Thursday, August 26, 2010

The importance of blocking

Those of you who don't knit probably don't know that sometimes after casting-off the knitter has to work some extra magic. With sweaters we have to make sure that both sleeves are of equal length, with cardigans we need to check that both fronts are even. And when we knit lace, we want people to see the beauty of the pattern.

The thing that helps us do all of these is called blocking. Let me show you how it works.

I'm going to use a small piece of lace work, knitted with ostrich plumes pattern. This is what it looks like right after casting-off:


Not very lacy - and far from what can be seen in these shawls. Notice the rolling edges:


You don't want that with your lace, do you?

So let the magic begin...

1. Soak your piece

I usually leave it for several minutes in cool water with a few drops of fabric softener. But I do that only with fresh knitwear, something straight off the needles. When it's been used, and you wash it, sometimes you may need to repeat the process - it all depends on the yarn and pattern used. In that case just wash it in delicate wool detergent and rinse. Gently squeeze the water out and lay flat to dry. Don't let it dry completely - the piece should be moist before you put the pins in it:)

2. Stretch it out, pin it in

Lace patterns often form the most interesting edges: triangular, wavy, or even square. But sometimes they need our help to show off their entire beauty. You'll need pins and a large flat surface you can stick them in. Look at the pattern of your piece and figure out where exactly you need to place the pins. This is how you'll give your piece a proper shape. It's not very complicated - just lay your piece flat and pick the places that stick out the most. Like here:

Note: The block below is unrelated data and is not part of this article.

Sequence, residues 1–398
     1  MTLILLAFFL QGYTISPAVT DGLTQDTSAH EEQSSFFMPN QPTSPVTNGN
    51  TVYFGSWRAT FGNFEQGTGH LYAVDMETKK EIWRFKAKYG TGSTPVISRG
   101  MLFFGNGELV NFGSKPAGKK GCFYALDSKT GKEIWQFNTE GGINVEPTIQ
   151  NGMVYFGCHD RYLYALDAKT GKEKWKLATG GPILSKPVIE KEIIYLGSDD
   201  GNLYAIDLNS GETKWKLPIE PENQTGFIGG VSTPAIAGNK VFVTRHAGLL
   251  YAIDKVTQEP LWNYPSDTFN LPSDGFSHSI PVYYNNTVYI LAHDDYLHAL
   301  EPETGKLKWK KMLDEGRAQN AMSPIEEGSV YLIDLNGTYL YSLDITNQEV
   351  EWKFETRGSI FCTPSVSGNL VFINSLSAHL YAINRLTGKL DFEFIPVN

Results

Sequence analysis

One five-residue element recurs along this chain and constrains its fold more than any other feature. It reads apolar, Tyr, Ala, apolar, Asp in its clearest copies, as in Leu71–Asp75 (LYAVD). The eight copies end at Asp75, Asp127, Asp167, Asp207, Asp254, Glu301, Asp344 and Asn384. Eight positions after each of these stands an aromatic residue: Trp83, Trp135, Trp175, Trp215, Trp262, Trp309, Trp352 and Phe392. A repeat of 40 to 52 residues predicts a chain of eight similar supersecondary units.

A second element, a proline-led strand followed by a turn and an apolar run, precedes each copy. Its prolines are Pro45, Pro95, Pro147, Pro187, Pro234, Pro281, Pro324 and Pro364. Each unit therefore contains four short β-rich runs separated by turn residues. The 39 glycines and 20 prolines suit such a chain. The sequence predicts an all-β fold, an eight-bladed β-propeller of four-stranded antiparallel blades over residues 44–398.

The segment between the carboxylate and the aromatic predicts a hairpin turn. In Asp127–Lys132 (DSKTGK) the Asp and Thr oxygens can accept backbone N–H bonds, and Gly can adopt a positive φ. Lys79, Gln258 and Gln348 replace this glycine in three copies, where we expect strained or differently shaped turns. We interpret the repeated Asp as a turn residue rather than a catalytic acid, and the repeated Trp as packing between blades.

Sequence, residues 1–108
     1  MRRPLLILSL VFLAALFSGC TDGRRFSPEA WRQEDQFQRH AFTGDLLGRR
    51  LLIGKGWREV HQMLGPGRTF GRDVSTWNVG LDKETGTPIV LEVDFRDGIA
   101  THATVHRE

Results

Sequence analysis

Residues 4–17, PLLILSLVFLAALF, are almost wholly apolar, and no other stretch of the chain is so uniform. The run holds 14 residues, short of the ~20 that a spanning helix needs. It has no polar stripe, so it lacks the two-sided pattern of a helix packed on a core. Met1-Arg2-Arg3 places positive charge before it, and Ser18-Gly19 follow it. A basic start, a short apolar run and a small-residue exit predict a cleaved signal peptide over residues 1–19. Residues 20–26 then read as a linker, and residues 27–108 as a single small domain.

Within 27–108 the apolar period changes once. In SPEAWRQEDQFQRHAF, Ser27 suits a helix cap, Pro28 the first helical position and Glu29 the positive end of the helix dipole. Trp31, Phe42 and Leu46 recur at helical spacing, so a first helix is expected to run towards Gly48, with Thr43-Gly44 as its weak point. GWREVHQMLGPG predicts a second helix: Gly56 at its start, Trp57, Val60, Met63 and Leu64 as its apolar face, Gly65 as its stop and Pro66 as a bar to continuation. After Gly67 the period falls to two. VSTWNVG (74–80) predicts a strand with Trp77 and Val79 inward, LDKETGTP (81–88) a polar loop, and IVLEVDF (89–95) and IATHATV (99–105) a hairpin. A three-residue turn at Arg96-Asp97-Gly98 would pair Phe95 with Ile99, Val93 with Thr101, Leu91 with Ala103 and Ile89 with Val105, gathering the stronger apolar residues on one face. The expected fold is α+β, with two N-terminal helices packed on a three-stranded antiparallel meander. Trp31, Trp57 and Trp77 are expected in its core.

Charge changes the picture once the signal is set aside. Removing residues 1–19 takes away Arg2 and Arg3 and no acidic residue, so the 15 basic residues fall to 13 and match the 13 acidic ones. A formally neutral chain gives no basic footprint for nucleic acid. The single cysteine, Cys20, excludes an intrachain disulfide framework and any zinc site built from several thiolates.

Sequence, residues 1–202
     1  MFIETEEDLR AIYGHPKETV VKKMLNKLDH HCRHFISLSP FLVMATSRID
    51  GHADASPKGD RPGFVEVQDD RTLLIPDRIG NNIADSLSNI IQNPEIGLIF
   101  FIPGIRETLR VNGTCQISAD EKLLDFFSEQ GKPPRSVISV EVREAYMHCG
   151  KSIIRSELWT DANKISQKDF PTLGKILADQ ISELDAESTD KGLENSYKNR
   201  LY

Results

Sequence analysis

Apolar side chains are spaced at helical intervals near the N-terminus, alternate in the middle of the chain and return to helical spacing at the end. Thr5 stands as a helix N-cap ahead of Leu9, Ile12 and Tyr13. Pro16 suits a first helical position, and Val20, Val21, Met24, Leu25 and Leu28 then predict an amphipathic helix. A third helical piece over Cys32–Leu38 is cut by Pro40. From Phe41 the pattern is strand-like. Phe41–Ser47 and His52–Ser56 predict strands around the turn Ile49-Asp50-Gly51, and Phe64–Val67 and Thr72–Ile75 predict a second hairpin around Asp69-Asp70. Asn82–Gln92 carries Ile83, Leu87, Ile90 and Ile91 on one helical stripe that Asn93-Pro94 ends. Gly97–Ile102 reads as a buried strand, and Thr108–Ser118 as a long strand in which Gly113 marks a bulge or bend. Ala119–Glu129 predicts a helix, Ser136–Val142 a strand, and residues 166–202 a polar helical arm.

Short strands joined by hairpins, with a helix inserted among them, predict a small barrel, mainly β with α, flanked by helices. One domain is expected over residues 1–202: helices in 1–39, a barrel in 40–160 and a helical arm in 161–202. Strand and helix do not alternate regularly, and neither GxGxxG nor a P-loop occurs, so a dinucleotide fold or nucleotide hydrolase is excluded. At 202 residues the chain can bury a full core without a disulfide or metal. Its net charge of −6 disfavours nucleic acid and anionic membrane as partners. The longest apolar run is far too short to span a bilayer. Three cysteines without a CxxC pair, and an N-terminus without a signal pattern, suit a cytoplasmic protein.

When you put the pins in, remember to stretch the piece gently. Not too much, or it will tear, but you have to feel a little resistance. The stronger you pull, the flatter it will get - and the borders will be more prominent.


Do you see how the piece pulls back? That's how it's supposed to be:)

Oh, and if you forget you were going do some blocking, and your piece gets completely dry, don't worry, just spray some clean water on it. You can even pin it in first, and then do the spraying. Just remember to check if your piece is stretched enough - wet yarn is more flexible than dry one, so you may need to pull it a bit more.

3. Leave it to dry

Blocked knitwear dries faster - it has thinner yarn and larger surface. But it doesn't mean you have to unpin it five minutes later. I'm not good at physics, but I think that the longer you shape your piece, the more permanent that shape will be. So sometimes I grab my spray-bottle and wet it again:) And I take the pins out much, much later:)

But the shape stays:


And there are no rolling edges:



Not even when you move it:
 


And that's how the magic is done:)

Remember - you may not need to repeat this process every time you wash your knitwear. With some pieces you won't have to do it at all. It depends on the yarn (some fibers have better "memory" and need to be blocked just once). And with time, even the most stubborn thread will give up and stay exactly where you want it to stay:)

I hope this tutorial helps you bring out the beauty of your clothes or projects. If you have any questions, drop me a line or leave a comment. I look forward to hearing from you.

Wednesday, August 11, 2010

Two ostrich plumes

I knitted these when the World Cup was still on - they're part of my "knit while watching the game" project:)

Both were knitted using the ostrich plumes pattern. The first is kid mohair with some polyamid. I love its blue color:


I don't have words to describe the other one. Or to be more specific: I don't have words to describe its color. I've been running around with camera to catch that perfect shot that would show how beautiful it is, but somehow it always looks a bit washed out. It was supposed to be turquoise, but for me it's rather emerald. Deep and intensive. I love it.